NORWAY - The Financial Supervisory Authority of Norway (Kredittilsynet) is working on new regulations concerning investment policy for insurance companies and pension funds with the intention of introducing them at year end.
Tom Ottar Doviken, senior adviser, Kredittilsynet, said there was concern among insurance companies and pension funds that current regulations were outdated.
“The process is partly motivated by the implementation of the IORP Directive and partly by the new (2005) national insurance legislation,” he said.
“Besides, the asset markets have developed heavily since the current regulations were passed in 1997 so that the regulations are somewhat outdated.”
The scope of the changes will be wide-reaching, he added, and the industry has been given the chance to put forward their views.
“It is difficult to predict the timeframe, but a proposal will presumably be finalised by the FSA and presented to the Ministry in April 2006,” he said. “After a public hearing administered by the Ministry, new regulations will possibly take effect at the end of this year.”
The FSA has also proposed the introduction of capital solvency tests along the lines of the traffic light system in Sweden and Denmark. A proposal has been put to the Ministry of Finance, with an answer expected in the first half of 2006.
However Rolf Skomsvold, general secretary of the Norwegian Association of Pension Funds (Norske Pensjonskassers Forening/ NPF), said such a system would turn the pension industry “upside down”, citing concerns over a supply shortage of long bonds.
“In today’s system you have to have extra funds if you have long bonds in your portfolio,” he said. “If we get this new system, where you also look at the duration of your obligations, you turn that upside down, so that could have a major impact on the bond market in Norway.”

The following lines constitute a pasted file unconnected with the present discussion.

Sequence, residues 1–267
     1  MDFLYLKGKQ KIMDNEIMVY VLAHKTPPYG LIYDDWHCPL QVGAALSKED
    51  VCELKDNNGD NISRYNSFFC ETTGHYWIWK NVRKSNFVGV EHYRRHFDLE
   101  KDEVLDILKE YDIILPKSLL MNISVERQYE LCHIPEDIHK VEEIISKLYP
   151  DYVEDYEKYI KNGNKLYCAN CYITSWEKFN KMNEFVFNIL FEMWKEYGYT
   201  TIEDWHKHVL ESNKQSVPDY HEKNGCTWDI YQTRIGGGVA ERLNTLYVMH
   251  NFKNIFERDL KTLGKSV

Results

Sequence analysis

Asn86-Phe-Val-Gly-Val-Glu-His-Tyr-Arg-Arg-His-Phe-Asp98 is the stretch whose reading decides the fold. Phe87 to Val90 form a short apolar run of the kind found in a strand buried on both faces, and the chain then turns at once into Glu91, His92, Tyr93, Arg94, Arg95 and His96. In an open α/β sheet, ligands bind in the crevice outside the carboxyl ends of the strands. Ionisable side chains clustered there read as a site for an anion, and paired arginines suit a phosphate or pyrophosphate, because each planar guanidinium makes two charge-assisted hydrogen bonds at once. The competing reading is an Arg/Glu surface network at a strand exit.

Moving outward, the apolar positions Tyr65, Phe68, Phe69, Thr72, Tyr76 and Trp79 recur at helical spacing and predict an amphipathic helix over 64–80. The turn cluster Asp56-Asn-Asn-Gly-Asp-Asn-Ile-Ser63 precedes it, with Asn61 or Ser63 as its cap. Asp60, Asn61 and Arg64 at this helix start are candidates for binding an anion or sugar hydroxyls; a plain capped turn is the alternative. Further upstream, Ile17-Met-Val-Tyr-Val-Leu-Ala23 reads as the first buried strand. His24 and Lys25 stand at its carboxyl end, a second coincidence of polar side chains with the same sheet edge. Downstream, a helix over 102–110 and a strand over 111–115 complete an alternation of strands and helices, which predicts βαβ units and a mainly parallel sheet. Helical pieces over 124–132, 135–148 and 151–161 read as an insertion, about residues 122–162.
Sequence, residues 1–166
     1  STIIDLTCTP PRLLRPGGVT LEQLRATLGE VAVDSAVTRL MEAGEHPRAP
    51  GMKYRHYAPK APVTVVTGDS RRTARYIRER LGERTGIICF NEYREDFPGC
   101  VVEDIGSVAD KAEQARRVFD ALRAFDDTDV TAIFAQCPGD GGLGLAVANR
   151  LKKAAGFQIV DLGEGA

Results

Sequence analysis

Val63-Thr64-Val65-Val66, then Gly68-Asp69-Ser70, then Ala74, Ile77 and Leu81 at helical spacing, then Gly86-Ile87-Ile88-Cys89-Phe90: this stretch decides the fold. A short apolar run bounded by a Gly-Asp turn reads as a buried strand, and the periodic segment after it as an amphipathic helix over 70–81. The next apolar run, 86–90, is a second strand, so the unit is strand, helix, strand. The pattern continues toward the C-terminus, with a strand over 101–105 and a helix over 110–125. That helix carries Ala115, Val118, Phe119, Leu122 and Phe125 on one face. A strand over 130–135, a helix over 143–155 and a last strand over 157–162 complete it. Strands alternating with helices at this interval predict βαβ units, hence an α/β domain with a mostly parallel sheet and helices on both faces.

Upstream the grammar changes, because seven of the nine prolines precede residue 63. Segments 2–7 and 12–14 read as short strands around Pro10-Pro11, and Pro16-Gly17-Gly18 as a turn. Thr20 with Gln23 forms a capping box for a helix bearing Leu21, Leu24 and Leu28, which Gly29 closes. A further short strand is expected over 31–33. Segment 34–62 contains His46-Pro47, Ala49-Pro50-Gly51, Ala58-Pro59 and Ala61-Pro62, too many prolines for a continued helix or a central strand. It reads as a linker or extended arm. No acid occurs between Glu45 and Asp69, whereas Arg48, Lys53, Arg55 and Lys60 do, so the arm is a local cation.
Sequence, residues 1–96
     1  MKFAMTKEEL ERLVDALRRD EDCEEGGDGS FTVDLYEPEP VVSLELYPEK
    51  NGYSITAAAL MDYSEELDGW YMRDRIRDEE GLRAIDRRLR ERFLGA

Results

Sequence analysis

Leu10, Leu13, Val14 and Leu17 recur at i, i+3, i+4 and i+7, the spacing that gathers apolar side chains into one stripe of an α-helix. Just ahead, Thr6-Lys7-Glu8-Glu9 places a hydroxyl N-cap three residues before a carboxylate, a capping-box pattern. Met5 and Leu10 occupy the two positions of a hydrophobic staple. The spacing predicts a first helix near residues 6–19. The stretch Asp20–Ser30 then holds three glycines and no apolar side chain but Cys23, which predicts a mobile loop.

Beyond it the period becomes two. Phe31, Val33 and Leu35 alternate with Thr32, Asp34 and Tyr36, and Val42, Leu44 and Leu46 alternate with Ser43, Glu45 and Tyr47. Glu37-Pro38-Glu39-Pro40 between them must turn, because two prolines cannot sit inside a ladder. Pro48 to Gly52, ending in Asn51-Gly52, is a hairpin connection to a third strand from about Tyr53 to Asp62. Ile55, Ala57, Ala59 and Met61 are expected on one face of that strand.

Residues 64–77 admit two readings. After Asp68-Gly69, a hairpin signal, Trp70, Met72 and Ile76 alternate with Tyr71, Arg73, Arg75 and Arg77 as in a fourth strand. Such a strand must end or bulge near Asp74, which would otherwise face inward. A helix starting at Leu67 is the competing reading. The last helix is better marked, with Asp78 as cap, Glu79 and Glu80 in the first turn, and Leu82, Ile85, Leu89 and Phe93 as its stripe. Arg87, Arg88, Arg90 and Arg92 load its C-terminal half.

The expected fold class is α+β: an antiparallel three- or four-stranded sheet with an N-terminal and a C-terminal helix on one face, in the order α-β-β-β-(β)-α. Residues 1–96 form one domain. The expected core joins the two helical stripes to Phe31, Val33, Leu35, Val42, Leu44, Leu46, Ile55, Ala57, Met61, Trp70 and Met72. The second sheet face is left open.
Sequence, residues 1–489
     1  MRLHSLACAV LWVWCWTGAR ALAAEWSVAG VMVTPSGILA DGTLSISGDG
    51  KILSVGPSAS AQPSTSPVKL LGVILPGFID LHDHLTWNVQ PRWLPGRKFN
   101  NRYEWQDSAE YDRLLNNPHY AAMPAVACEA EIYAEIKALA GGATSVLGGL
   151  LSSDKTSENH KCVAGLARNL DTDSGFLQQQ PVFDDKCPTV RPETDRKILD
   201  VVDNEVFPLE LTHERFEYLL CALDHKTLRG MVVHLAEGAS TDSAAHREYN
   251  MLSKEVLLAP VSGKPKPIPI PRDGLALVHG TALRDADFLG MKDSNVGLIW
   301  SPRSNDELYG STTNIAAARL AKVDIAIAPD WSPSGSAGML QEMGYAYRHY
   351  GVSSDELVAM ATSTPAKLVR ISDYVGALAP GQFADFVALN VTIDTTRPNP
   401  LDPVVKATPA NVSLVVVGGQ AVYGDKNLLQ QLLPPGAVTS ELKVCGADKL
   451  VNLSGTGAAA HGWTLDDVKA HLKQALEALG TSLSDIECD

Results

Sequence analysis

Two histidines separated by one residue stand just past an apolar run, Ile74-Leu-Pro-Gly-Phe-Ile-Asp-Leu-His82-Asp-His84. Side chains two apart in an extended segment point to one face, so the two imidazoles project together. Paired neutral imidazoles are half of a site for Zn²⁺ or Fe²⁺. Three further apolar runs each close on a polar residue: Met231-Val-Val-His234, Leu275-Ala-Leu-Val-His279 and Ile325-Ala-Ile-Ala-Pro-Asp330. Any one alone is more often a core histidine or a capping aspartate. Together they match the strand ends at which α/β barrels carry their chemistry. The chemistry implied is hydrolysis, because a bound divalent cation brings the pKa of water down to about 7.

Skomsvold added: “[Supply] is very low, because the bond market isn’t very efficient and the state don’t issue much because the Norwegian state don’t have any need for them, they are running quite a big surplus because of the oil taxes. We would probably have even more difficulties than what I have seen in Denmark and the Netherlands.”
Ottar Doviken agreed this was a concern: “The low supply of long bonds in the Norwegian market could result in problems in terms of supply shortage, as pension funds (within the proposed model) will seek to match the duration of their liabilities in order to avoid a substantial increase in required capital. Resolving this, however, means issuing long bonds or alternative instruments on a large scale, and making macroeconomic decisions of that kind will be far beyond the scope of the FSA.”
He added that a possible way forward, if the proposal was approved, would be to set up “working parties” on the back of a consultation period with a mandate to elaborate on the details and prepare further quantitative studies on the impact.
“A further analysis of the problems arising from the bond supply shortage might be a task for one of the possible working parties,” he said.
By Kristen Paech
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